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Paperback The Grief Club : The Secret to Getting Through All Kinds of Change Book

ISBN: 1592853498

ISBN13: 9781592853496

The Grief Club : The Secret to Getting Through All Kinds of Change

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Book Overview

The Grief Club

Customer Reviews

5 ratings

Restoration Resource - Can't Recommend this Enough

I was walking through my local bookstore when my eyes caught sight of this book. The title drew me in, as I am grieving the death of my brother. I saw the author and thought, "Oh, no - not that Codependency woman..." Melody Beattie - who was the first author I ever knew to use the term "Co-Dependent" a term that had come for many to mean "whiney person who thinks of himself/herself as a victim of everyone and everything." I decided I would give it a "cup of coffee" dry run, to see if my assessment was correct... or not. I am pleased to announce that my assessment was exceptionally far off and this book is a resource that belongs on bookshelves across the country, since Grief is something we will all touch and the majority of us are less than well equipped to manage. I remembered as I opened the book I had wondered where Beattie went, as I remember the early 90's and the plethora of Codependency titles I saw springing up and then... I couldn't really remember hearing of her since then. It only took a moment to see why. Her son had died at age 12. How had I not known this, I wondered? She wrote about this major loss with candor and frankness, without glossy coating. This is the way she tackles all the losses she discusses in the book - both her own losses and the losses of other subjects in the book. In the back of the book there is a Master list of losses which is very helpful as an initial assessment and an ongoing tool as you read (actually, work through) the book. Each chapter includes activities to further integrate the material presented. This is a book I will revisit right away, and then I will most likely revisit it. And I will recommend it to people regularly. It's a club none of use would choose to belong to, yet with this book as a guide, it will feel that much more "normal."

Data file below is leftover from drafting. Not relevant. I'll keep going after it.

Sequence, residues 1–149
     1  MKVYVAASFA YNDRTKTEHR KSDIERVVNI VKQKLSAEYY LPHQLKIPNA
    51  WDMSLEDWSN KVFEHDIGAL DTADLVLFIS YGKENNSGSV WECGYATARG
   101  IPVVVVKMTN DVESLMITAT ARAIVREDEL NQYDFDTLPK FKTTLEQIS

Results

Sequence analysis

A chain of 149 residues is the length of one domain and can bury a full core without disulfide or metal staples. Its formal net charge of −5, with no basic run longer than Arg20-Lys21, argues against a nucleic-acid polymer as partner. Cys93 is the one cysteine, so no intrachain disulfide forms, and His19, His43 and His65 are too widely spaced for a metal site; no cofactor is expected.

Welcome to "The Club"--We'll all join

Subtitled: The Secret to Getting Through All Kinds of Change The New York Times best-selling author of Co-Dependent No More has lived through many crises: becoming sober, living with an alcoholic, losing her son to an accident, getting Hepatitis C, having chronic back problems--and many other losses. So she isn't writing this from a "professional or clinical viewpoint." "Welcome to the club," someone might say to you (or at least think it) when you have something happen to you they have already experienced. You may see your life in the chapters on death, Alzheimer's, suicide, divorce, job loss, childhood grief, alcoholism, empty nest, and much more. "Did I do something to tick God off--so that I got to join one of those clubs," we might wonder. Beattie says, whether we believe it or not, life hasn't signaled us out for tragedy, and depersonalizing a loss helps us detach and lessen the pain. You won't catch trauma from a person grieving or in pain--and much of her book is about seeking and offering help to those who are hurting--one-on-one or as part of a support group. The other day a woman told me her mother died seven week ago and now her friends are ready for her to be back to her old self. Obviously they are not a member of that club yet--or they'd be more understanding. Relative to grief, Bettie said, you either pay now or you pay later, and she said, "Once I cried for eight years." She explains radical faith (vs. simple faith: If I am good, only good thing will happen to me). Radical faith means you can be good and still bad things will happen to you--and it's nobody's fault. Every chapter ended with statistics, such as 2.5 million Americans die every year, and of that, 45-50,000 are under 25. Well worth your read because everyone will join some kind of "loss" club--whether you want to or not. Armchair Interviews says: Highly recommend to anyone going through grief, pain or loss--and those who want to understand better.